(b) Large Measures-these include large projects and schemes undertaken by state and cen­tral government to check soil erosion and facilitate extensive reclamation. Following are some of the schemes worthy of mention here:

(i) Reclamation of Ravines and Badlands-

Massive large scale schemes are necessary for soil reclamation in ravines and badlands of Madhya Pradesh, Uttar Pradesh, Gujarat and Rajasthan.

Sev­eral such schemes involving plugging of gully mouths, construction of bunds across the gullies, leveling of surface, a forestation, and restriction on over grazing are under implementation in these states. In Madhya Pradesh the World Bank has given an assistance of Rs. 300 million to reclaim about 1 lakh ha of ravine land.

(ii) Control of Floods-In India the problem of soil erosion is very much linked with the problem of floods and waterlogging. This is due to seasonal and heavy downpour of rainfall. If arrangement could be made for the storage and diversion of additional rain-water not only it would be an effective measure to control the floods but to utilise this water in drier yet to see the light of the day due to paucity of funds.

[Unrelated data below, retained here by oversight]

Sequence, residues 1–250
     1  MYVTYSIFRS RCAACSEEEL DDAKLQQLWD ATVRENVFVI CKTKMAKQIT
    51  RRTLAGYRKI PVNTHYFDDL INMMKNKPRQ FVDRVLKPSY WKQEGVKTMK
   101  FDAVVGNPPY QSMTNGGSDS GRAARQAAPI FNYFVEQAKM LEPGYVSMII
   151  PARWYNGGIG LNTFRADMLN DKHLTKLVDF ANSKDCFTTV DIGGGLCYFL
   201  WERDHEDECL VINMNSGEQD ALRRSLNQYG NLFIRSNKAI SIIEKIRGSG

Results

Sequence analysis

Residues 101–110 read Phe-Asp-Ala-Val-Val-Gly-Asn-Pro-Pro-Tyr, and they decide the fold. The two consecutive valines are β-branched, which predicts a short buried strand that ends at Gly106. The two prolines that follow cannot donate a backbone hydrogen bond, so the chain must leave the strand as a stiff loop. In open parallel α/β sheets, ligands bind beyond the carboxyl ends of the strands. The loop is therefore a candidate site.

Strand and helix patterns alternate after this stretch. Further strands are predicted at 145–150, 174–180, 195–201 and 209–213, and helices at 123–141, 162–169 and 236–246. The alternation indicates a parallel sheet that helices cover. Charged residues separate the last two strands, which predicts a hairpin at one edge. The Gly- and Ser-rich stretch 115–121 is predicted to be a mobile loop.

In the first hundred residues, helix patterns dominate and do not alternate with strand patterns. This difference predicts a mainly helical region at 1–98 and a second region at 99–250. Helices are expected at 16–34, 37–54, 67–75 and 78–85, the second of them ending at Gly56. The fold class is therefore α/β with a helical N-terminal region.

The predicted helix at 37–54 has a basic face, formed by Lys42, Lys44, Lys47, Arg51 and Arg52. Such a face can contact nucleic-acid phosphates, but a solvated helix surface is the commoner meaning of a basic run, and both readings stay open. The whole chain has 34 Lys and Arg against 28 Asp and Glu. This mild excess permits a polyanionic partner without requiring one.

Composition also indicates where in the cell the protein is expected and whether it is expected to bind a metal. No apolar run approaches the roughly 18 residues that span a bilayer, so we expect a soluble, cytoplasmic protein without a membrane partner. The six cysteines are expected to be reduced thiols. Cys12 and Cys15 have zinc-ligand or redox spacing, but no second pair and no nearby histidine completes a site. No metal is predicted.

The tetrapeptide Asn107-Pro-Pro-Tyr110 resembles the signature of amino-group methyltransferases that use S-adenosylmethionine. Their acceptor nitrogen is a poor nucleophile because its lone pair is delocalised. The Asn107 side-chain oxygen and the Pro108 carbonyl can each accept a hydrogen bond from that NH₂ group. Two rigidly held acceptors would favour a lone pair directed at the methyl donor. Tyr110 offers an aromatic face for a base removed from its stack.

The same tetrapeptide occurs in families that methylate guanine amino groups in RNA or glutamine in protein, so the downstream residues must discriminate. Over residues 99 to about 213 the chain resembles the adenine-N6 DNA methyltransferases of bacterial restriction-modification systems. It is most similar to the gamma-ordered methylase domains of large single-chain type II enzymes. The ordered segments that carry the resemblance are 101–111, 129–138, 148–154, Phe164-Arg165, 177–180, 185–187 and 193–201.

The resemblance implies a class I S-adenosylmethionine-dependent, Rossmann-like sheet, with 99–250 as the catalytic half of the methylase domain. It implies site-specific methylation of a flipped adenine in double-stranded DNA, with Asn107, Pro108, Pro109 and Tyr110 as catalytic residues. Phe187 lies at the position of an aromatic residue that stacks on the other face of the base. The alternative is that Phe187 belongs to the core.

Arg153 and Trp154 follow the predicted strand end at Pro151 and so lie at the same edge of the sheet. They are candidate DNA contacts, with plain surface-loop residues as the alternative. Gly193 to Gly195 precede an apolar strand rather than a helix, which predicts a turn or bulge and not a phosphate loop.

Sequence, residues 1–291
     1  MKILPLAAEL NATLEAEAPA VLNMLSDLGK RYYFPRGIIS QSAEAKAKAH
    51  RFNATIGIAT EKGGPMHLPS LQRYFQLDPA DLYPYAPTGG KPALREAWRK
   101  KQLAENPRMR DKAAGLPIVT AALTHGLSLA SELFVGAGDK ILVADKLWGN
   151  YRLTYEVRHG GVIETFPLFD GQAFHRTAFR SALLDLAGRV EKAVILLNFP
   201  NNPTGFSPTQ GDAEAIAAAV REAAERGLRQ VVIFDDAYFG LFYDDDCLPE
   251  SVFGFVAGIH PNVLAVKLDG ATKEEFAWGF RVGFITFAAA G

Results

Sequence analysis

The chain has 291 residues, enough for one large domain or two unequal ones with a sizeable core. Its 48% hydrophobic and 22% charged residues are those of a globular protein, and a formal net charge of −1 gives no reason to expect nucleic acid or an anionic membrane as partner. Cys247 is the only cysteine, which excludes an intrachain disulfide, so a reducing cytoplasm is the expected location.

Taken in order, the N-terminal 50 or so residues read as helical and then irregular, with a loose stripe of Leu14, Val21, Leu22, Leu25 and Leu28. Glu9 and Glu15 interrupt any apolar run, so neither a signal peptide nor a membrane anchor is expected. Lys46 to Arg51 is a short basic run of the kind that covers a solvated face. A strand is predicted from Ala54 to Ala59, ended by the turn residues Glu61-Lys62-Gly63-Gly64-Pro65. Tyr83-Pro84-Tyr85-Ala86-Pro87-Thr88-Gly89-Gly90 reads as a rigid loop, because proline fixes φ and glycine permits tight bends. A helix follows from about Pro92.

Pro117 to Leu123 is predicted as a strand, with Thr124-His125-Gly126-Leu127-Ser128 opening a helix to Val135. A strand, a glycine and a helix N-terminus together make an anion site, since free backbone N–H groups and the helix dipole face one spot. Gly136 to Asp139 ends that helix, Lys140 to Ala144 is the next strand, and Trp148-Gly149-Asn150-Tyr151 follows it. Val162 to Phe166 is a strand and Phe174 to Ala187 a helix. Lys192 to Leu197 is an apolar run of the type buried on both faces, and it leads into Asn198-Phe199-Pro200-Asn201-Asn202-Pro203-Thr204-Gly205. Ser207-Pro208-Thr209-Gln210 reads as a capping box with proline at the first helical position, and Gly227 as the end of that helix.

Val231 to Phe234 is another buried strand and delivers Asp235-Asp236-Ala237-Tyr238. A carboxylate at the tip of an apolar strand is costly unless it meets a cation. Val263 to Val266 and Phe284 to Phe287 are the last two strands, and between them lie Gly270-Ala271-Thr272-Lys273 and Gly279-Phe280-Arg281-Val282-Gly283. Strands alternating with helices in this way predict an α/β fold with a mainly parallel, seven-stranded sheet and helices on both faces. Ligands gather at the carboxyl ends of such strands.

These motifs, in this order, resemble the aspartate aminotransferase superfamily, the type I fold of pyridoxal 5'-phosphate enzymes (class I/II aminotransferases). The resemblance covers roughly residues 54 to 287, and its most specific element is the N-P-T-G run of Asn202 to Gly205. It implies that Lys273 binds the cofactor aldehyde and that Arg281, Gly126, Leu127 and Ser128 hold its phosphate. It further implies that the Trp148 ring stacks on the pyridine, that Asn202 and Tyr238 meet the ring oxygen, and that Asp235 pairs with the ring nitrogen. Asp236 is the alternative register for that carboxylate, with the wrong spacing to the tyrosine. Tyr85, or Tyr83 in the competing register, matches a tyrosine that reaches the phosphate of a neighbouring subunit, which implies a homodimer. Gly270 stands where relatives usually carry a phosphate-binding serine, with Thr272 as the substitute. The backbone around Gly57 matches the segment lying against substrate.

(iii) Afforestation-Afforestation is another effective measure to check the erosion of soil either through running water or through winds. Such trees can be planted along the roads, canals, river banks, bordering areas of the desert and in ravine and wasteland areas. A forestation programmes may be undertaken at local and community level and also on regional and national level.

Along with a forestation equally important is the restriction on the indiscrimi­nate cutting of trees. People’s awareness in the form of Chipko movement and use of cheap substitute for fuel wood and wood products may be effective steps in this direction.